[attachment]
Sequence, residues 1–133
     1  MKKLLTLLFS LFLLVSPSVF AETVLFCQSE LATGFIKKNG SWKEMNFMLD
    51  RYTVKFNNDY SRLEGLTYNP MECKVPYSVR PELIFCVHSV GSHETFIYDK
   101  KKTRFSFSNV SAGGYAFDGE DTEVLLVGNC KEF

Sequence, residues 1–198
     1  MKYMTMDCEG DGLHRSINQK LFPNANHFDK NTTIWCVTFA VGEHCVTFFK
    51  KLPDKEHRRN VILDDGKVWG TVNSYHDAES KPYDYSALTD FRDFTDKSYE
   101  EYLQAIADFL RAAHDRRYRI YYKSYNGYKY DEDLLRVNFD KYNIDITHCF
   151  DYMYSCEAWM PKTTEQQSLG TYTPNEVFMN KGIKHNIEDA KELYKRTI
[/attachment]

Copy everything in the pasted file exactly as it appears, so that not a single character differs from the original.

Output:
Sequence, residues 1–133
     1  MKKLLTLLFS LFLLVSPSVF AETVLFCQSE LATGFIKKNG SWKEMNFMLD
    51  RYTVKFNNDY SRLEGLTYNP MECKVPYSVR PELIFCVHSV GSHETFIYDK
   101  KKTRFSFSNV SAGGYAFDGE DTEVLLVGNC KEF

Sequence, residues 1–198
     1  MKYMTMDCEG DGLHRSINQK LFPNANHFDK NTTIWCVTFA VGEHCVTFFK
    51  KLPDKEHRRN VILDDGKVWG TVNSYHDAES KPYDYSALTD FRDFTDKSYE
   101  EYLQAIADFL RAAHDRRYRI YYKSYNGYKY DEDLLRVNFD KYNIDITHCF
   151  DYMYSCEAWM PKTTEQQSLG TYTPNEVFMN KGIKHNIEDA KELYKRTI